They’re wily, smart, and can swim like Michael Phelps. Sightings of the relentless rodents are increasing, even in the most upscale suburbs
As urban legends go, it’s a doozy. Rats can crawl into your home through toilets and basement drains. Creepy, but true.
Rats are nothing if not relentless. They do what’s necessary to survive. They can live anywhere you live — a skill reflected by sightings in upscale Detroit suburbs and elsewhere. And specially bred strains find work as laboratory critters and treasured pets.
But rats are mostly beady-eyed villains, a downer with a high yuck factor, blamed for spreading disease. They star in horror movies like Willard and in antique zingers like “you dirty rat.”
Pest-control experts say rats, the wild and nightmarish kind, can be found in any city, no matter how posh.
“It’s an everyday issue,” says Dean Krotchen, of AntEco Pest and Wildlife Management in Livonia, which operates under the slogan, “What’s in your attic? “We’re finding them all the way up through Birmingham, especially around the downtown section there. And occasionally in Bloomfield Hills.
“We had a house in Royal Oak last winter that actually had one come up through the drain tile. It popped the drain out and was running around the house. Probably the drain pipe was broken underground.”
Kenneth Matheny, president of the Roseville-based Elite Pest Management, says his number of rat-related jobs was up more than 25 percent for the first nine months of this year, to a total of 1,700.
“It’s getting worse and worse and worse as we go along,” he says. “A lot of people don’t want to believe it, that they have rats in the neighborhood.”
But some do, with Matheny reporting one rat so big the homeowner mistook it for an opossum. Spotting a rat in your yard could mean that the problem originates, say, six doors down. Effective anti-rat programs should include a proactive approach over a wide area, he says.
Rats are smart. Studies at the University of Georgia link rats to “metacognition.” That means they know what they don’t know, a useful survival skill. And rats are credited with a version of episodic-like memory, roughly translated to remembering personal unique experiences, such as where they once found food in a maze.
So, crawling out of a toilet bowl should be no trick, especially since rats are good swimmers. They can paddle along for up to three hours, no problem, Matheny says.
Multnomah County, Ore., which sits astride a river, reports two or three complaints of rats in toilets a year. The frequency varies from place to place.
“I’ve lived in South America, and that’s a very common occurrence in which rats come up the toilet on a regular basis,” says Emilio DeBess, Oregon’s public health veterinarian. “If you think about pipes in different systems, they can certainly fit their body in and they’re flexible enough to get in. I have seen them [come up in toilets]. It’s not a story somebody came up with, not a fairy tale. It’s a reality. People see them come up the toilet all the time. People also see them coming out of drains and different water pipes. We have a river running through the city of Portland, and that’s always an opportunity for rats.”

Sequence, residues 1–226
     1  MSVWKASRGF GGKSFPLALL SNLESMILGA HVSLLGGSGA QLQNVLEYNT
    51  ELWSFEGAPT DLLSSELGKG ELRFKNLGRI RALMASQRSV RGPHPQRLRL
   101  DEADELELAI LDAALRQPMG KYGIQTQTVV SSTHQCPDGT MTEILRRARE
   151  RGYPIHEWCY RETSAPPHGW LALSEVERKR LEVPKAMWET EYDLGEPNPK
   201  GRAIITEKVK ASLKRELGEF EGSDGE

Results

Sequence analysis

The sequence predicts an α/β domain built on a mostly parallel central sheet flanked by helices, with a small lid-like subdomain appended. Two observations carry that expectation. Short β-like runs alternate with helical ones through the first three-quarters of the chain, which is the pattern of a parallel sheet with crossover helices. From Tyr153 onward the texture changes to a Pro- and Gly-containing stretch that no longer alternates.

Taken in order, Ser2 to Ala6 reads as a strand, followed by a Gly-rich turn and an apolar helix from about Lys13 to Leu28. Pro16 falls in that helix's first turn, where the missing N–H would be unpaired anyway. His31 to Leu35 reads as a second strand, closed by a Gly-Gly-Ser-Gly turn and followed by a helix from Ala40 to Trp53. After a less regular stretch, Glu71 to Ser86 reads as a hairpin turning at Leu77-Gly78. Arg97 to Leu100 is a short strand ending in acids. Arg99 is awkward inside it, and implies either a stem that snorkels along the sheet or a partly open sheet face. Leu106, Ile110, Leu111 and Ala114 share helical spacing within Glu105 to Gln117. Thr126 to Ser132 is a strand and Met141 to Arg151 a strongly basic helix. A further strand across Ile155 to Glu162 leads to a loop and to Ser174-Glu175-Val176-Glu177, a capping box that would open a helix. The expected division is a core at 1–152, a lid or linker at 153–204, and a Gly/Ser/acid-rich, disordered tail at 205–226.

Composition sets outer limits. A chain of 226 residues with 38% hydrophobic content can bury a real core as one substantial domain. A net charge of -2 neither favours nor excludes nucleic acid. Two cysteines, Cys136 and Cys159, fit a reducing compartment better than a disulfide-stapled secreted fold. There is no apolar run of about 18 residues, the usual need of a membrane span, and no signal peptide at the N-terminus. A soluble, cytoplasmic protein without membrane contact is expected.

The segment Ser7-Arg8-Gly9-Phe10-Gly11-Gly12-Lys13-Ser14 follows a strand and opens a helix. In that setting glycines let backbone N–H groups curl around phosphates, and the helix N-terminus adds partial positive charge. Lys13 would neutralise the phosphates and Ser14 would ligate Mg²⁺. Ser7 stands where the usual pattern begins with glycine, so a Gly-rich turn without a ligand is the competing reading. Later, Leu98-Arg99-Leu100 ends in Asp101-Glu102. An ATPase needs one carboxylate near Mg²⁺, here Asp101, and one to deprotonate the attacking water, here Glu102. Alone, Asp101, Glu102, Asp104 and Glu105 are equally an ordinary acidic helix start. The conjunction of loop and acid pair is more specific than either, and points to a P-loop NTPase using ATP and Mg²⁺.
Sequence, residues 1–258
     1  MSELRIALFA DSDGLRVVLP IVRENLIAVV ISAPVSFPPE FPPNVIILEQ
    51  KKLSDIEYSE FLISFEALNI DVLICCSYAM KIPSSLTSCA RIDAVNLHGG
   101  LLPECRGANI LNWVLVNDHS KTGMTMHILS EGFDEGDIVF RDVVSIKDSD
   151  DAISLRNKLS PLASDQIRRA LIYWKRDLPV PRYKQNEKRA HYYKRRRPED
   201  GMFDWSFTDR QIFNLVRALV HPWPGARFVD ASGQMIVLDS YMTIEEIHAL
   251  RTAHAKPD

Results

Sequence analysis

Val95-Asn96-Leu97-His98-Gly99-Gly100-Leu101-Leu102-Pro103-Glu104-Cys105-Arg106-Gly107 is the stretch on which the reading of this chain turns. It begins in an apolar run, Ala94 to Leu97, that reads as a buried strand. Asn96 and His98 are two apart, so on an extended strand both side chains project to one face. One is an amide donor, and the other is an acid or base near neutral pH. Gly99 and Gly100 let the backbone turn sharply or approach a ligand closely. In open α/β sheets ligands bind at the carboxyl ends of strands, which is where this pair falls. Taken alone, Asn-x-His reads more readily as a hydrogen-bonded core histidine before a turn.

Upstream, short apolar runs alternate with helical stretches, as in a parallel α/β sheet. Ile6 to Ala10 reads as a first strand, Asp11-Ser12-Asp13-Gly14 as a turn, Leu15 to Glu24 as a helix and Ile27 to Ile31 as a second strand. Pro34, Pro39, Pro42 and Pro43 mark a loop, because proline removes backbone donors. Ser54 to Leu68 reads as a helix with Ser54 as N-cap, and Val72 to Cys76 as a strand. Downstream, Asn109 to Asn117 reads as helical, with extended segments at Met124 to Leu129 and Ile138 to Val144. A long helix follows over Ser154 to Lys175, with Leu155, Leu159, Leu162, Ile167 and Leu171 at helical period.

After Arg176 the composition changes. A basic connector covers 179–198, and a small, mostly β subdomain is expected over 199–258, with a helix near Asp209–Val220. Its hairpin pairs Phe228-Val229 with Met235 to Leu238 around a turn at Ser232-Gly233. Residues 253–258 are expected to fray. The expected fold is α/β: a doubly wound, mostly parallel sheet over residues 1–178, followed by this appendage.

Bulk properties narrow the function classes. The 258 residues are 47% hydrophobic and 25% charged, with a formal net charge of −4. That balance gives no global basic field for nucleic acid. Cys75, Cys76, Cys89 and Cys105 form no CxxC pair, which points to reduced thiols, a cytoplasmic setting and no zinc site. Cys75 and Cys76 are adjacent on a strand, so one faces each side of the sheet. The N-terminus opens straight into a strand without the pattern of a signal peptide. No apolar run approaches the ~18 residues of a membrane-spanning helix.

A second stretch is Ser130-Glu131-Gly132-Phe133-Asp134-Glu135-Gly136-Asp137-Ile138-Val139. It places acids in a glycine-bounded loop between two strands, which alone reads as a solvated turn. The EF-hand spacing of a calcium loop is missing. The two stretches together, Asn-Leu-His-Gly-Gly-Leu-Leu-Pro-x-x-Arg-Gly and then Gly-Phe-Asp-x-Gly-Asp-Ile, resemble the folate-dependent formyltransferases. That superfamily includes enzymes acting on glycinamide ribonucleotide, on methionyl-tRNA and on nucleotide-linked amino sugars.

In the Detroit area, pest-control experts and city officials cite several factors to explain the uptick in rat reports. One is an increase in home foreclosures, which sometimes leads to a property being ill maintained, providing rat harbors. Also cited is a comparatively mild winter earlier this year, which, coincidentally, is also the Chinese Year of the Rat.
An increase in sewer repair and, in some cities, building demolition drive rats out of those locations and they’re spotted, says Matheny of Elite Pest Management. A number of suburbs have signed on with Elite to battle rodents, and the company has set up a Web site, drrodent.com, to advise residents on rat-free living.
On the bright side, rats have an upside — a cute and clever reputation milked from selective breeding aimed at domestication.
“They make great pets,” says Saginaw resident Sarah Paterson-Farrand, who breeds domesticated rats. “They compare more to a really tiny little dog than any other cage rodent like hamsters and gerbils. They’re very intelligent. You can teach them tricks. You can litter-train them to go potty in a litter box. They’ll come when called. They actually bond very strongly to people, where they want to be out and with you.”
Paterson-Farrand links rats’ unsavory reputation to the “false information that they carried the plague.”
“They didn’t cause the plague,” she says. “It was the fleas. But obviously a New York sewer rat is going to be different than 60 generations of a domesticated rat that’s been bred for a pet or laboratory.”
Carrie Noring, president of the Society of Michigan Rat Fanciers, says pet rats are clean, groom themselves, and don’t require much upkeep. But they still raise eyebrows. Quips Noring: “Most of the time people say, ‘You have what for a pet?’ ”
Other groups that promote pet rats include the Rat Society of America and the North American Rat Registry. The latter keeps records on a pet rat’s pedigree and facts on color, health, temperament, and other traits.
Pets are one thing. But be on guard for those wily wild rats. The Web site for Multnomah County, Ore., provides a particularly sage piece of plumbing advice: “Keep toilet lid closed when not in use.”